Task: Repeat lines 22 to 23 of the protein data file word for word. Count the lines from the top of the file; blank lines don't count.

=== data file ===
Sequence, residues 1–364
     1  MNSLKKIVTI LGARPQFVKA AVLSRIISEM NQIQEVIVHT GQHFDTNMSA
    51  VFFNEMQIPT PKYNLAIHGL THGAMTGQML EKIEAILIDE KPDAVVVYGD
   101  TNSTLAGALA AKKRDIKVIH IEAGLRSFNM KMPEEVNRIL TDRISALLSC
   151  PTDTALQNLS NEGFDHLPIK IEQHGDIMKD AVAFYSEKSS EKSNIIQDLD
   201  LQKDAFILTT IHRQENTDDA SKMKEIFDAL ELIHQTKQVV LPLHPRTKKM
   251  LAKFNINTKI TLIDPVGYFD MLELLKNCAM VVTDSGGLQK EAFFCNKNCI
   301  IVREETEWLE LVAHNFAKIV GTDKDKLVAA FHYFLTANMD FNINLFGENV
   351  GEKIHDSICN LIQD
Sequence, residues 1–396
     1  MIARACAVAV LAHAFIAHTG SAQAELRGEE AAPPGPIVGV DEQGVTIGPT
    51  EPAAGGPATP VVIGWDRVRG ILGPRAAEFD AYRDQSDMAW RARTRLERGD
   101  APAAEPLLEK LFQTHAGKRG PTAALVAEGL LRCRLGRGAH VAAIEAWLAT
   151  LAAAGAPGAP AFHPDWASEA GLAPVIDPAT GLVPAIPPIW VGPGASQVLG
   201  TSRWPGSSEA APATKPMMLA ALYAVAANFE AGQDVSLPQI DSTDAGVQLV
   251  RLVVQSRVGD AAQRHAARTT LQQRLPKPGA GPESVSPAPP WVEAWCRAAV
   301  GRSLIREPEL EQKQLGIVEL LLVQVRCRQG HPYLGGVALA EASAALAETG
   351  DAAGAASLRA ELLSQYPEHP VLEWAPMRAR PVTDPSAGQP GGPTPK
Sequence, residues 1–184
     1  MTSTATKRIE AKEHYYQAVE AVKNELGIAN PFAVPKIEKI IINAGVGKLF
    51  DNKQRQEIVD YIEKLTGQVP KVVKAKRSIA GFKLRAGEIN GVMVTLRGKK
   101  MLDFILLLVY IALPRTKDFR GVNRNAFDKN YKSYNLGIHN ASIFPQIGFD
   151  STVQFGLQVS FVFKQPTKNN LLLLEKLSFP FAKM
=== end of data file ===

   101  MLDFILLLVY IALPRTKDFR GVNRNAFDKN YKSYNLGIHN ASIFPQIGFD
   151  STVQFGLQVS FVFKQPTKNN LLLLEKLSFP FAKM